SimCity Limps Out of Gate
MARCH 11, 2013 • Many consumers who purchased SimCity after its release last Tuesday discovered that they were unable to access the city building game, or found their experience hobbled if they did manage to get the title running on their computers. Amazon.com went so far as to suspend digital purchases of the game temporarily on March 7, and has since posted a warning notice to consumers that the game is experiencing problems that publisher Electronic Arts hoped to resolve soon. Unlike previous version in the franchise, SimCity comes with online features that allow players to co-operate in building their cities. Consumers can set the game to play in solo mode if they choose, but EA still requires an always-on login and connection. According to Maxis, the studio behind the title, problems arose when many more people flooded the available launch servers, and played in unexpectedly more resource intensive ways than expected – at underestimation that Maxis general manager Lucy Bradshaw characterized as, “dumb.” Maxis’ response was to increase server capacity by 120%, and to optimize server architecture and response times. By Sunday night, the studio reported they had reduced game crashes by 92% from the number experienced Tuesday. On March 18, registered SimCity players will receive a coupon via email good for one free game download from EA’s portfolio on the Origin service as compensation for their inconvenience.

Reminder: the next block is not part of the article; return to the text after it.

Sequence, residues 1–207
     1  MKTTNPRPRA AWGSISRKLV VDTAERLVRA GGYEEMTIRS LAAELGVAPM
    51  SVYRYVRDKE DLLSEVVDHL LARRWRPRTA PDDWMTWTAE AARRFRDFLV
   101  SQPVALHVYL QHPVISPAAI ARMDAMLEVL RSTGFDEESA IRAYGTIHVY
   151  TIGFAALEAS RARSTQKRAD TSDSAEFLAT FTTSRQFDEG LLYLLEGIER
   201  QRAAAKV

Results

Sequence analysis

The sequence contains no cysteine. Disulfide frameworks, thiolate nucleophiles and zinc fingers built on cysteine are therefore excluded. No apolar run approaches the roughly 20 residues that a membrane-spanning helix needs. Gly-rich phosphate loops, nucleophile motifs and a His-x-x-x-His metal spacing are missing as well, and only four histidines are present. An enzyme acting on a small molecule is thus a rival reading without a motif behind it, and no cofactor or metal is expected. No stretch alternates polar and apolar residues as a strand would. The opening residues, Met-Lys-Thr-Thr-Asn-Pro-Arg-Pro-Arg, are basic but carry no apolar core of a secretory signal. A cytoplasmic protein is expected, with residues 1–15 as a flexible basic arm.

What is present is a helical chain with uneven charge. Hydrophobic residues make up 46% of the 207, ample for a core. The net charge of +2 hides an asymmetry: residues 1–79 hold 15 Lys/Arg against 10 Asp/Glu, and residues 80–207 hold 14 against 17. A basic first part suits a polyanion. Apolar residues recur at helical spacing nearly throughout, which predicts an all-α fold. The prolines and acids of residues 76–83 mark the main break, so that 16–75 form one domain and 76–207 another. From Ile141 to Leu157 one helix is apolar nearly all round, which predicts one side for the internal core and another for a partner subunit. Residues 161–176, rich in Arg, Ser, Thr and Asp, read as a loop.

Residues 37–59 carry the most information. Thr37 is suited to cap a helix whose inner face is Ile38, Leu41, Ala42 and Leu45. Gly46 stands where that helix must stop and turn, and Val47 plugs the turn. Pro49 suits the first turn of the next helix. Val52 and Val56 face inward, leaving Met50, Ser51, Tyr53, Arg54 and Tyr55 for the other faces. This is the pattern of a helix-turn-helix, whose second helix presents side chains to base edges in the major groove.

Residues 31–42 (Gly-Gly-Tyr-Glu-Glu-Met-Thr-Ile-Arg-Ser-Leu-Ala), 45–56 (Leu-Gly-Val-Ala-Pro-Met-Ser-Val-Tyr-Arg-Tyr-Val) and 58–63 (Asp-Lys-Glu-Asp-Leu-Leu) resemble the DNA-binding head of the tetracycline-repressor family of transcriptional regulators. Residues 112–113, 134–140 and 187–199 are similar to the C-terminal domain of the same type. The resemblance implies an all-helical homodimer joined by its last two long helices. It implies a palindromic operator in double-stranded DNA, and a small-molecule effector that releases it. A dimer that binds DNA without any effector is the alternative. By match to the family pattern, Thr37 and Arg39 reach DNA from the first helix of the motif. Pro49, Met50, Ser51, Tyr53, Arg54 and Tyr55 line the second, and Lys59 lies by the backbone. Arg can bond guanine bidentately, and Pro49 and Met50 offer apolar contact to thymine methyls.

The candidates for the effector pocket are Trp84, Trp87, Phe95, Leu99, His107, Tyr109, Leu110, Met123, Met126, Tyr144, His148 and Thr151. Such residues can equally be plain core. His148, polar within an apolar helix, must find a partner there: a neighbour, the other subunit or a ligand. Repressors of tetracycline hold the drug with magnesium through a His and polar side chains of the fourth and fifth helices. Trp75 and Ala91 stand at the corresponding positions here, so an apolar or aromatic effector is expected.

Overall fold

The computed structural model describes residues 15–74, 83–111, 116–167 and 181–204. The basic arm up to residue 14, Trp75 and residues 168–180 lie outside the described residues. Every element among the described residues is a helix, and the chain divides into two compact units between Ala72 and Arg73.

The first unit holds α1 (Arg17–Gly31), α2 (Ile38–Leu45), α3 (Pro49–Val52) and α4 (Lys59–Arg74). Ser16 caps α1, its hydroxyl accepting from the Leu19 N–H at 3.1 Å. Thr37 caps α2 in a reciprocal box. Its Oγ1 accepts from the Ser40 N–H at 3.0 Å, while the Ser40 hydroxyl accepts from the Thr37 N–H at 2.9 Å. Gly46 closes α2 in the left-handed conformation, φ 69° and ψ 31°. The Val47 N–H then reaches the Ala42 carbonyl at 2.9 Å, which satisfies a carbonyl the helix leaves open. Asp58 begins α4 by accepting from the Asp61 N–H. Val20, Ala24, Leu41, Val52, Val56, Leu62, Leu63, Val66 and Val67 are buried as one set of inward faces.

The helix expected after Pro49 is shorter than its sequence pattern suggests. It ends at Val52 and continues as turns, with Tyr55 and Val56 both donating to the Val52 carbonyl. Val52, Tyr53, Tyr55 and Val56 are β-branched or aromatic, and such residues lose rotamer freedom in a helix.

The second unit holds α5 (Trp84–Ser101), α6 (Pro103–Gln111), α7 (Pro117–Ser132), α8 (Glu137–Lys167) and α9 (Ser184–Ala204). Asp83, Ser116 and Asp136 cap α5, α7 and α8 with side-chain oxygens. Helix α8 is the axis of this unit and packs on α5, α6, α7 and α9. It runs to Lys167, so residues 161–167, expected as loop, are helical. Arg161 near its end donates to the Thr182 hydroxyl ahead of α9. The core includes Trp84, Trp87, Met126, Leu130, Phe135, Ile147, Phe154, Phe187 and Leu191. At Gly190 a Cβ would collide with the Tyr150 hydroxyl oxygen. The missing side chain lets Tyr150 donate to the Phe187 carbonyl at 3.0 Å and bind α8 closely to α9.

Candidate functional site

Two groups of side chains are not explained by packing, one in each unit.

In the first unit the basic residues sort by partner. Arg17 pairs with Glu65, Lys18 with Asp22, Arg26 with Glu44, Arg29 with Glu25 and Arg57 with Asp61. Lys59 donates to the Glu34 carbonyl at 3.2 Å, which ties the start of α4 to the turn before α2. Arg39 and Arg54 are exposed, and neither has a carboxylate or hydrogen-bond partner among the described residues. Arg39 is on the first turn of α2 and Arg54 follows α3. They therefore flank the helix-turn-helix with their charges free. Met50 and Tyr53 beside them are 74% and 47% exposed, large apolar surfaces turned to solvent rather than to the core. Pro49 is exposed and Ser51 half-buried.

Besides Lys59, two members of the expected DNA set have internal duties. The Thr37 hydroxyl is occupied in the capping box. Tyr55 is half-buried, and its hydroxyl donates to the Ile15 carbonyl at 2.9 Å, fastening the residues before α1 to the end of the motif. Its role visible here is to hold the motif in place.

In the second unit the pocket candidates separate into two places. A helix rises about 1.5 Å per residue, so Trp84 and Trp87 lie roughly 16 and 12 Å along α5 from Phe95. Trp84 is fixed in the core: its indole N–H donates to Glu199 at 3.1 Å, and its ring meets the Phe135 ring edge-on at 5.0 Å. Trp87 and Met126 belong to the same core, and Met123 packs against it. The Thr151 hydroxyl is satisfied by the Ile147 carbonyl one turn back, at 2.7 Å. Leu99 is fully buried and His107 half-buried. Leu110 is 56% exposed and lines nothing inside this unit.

Impact: We understand that EA is enamored with virtual item sales, as well as the enhanced metrics that come with an always-connected tether. Then there is Maxis’ desire to boost player co-operation and to feed unscripted events to solo players, which are admirable new features for the franchise. But publishers that release a solo-playable PC game that cannot be accessed because of insufficient server capacity, or buggy login code, does so at their own peril. Ubisoft went through this recently, and determined last summer it was more advantageous to abandon its always-connected policy for a one-time only online activation. Ubisoft’s aggrieved customers were so frustrated that many of them felt driven to download offline-enabled cracks of the games they had paid for specifically for a glitch-free experience. Ironically, this was the very behavior that Ubisoft had intended to curtail. Maxis maintains that the online feature options present in SimCity preclude switching off Internet connectivity, even for single-player only sessions.
Regardless, the perspective that has to be pounded home is that once a publisher makes its PC game a connected affair, that title ceases to be a packaged good and becomes a service. Consumers may indeed pay for a lackluster game that they can play or discard at their leisure, but they get justifiably testy when a service throws up roadblocks to accessing the entertainment they paid for. With so many options and platforms to entice gamers, driving them away is not a sound strategy. Kudos to Maxis for the swift reaction in fixing the problems, and we have every expectation that SimCity is a popular enough franchise to overcome this black mark. What befuddles us is why are we still seeing these same launch mistakes repeating themselves within the industry.